The unique skills that graduate programs offer will play a vital roll in managing Japan's long-term recovery. If students and professionals continue to avoid higher education, Japan will find itself ill-equipped to maintain its revival. Considering how many people have been displaced and how much there is yet to be rebuilt, it may be worthwhile for the Ministry of Education to encourage distance learning or online graduate programs. Because online schools are more cost-efficient, offer the ability to reach a larger audience across vast distances, and provide the opportunity to study while working full-time -- thereby avoiding the stigma of a late entry into the workforce -- they may be the perfect tool in ensuring that once Japan's physical recovery is complete, the nation will have an educated workforce capable of leading an economic recovery.

To get involved in Japan's recovery, donate to:
American Red Cross presents Japan One Year Later Japan One Year Later

This video was sent in to the American Red Cross Central Valley Region and asked to be shared with you our loyal readers.

Friday, March 9, 2012

Red Cross Month 2012 - Presidential Proclamation



After more than 130 years of providing humanitarian relief at home and abroad, the American Red Cross remains a reflection of the compassion and generosity central to our national identity. At moments of profound need, the actions of men and women across our country reflect our noblest ideals of service -- from search-and-rescue teams that brave disaster zones to ordinary citizens who deliver not only lifesaving care and supplies, but also hope for a brighter tomorrow. During American Red Cross Month, we pay tribute to all those whose dedication to relieving human suffering illuminates even our darkest hours.

A visionary humanitarian and unyielding advocate for those in need, Clara Barton founded the American Red Cross in 1881 after many years of tending to soldiers and families injured in war's wake. In the generations that followed, the American Red Cross served as a force for peace and recovery during times of crisis. Presidents of the United States have called upon the American Red Cross time and again, beginning when President Woodrow Wilson proclaimed Red Cross Week during the First World War, and continuing into the 21st century.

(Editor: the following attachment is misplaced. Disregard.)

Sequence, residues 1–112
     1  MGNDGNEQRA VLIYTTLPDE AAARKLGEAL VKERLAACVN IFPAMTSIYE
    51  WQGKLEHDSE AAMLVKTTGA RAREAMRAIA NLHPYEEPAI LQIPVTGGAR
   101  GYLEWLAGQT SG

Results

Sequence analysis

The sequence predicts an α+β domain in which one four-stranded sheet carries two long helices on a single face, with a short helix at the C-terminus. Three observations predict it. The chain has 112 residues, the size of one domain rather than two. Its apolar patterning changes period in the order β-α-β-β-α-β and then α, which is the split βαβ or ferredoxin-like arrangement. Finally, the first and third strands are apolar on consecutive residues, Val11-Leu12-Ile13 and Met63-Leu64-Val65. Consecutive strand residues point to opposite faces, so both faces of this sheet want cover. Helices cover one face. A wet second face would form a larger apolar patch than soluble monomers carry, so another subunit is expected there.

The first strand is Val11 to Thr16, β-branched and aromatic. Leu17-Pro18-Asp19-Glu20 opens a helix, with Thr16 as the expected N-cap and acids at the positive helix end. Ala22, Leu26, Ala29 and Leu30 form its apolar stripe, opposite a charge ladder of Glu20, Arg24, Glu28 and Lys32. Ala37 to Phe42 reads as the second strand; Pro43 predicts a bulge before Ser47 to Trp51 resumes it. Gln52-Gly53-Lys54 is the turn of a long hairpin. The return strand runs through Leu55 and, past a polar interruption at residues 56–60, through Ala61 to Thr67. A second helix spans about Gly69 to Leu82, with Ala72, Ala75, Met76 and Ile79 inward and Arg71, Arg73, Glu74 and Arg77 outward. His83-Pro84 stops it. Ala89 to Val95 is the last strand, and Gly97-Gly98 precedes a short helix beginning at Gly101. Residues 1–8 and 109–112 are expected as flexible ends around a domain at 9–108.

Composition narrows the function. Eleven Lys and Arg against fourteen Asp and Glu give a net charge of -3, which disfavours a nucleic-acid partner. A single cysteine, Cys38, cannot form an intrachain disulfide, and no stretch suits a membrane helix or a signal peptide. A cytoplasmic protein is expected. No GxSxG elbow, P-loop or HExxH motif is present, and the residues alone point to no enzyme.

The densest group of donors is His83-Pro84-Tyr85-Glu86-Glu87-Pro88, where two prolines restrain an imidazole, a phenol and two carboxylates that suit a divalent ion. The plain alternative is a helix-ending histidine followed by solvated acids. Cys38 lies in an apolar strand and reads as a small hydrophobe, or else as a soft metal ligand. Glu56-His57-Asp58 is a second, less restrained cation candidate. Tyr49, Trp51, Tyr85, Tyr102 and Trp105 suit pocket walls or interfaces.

Today, emergency response organizations like the American Red Cross continue to play a vital role in responding to disasters that cast countless lives and communities into harm's way. When devastating storms struck cities spanning the Midwest to the Eastern Seaboard this past year, the American Red Cross and other relief organizations were instrumental partners in preparedness, response, and recovery. And when a devastating earthquake shook Japan's Pacific coast, they answered by extending support to the people of Japan and standing with them as they rebuild.

We are reminded in times like these that the strength of our humanitarian response and the measure of our resilience are drawn not only from the committed action of relief organizations, but also from individuals who step forward, volunteer, or give what they can to help their neighbors in need. With generous spirits and can-do attitudes, Americans from every corner of our country have come together again and again to show the true character of our Nation. As we celebrate American Red Cross Month, let us resolve to preserve and renew that humanitarian impulse to save, to serve, and to build, and carry it forward in the year to come.

NOW, THEREFORE, I, BARACK OBAMA, President of the United States of America and Honorary Chairman of the American Red Cross, by virtue of the authority vested in me by the Constitution and the laws of the United States, do hereby proclaim March 2012 as American Red Cross Month. I encourage all Americans to observe this month with appropriate programs, ceremonies, and activities, and by supporting the work of service and relief organizations.

IN WITNESS WHEREOF, I have hereunto set my hand this first day of March, in the year of our Lord two thousand twelve, and of the Independence of the United States of America the two hundred and thirty-sixth.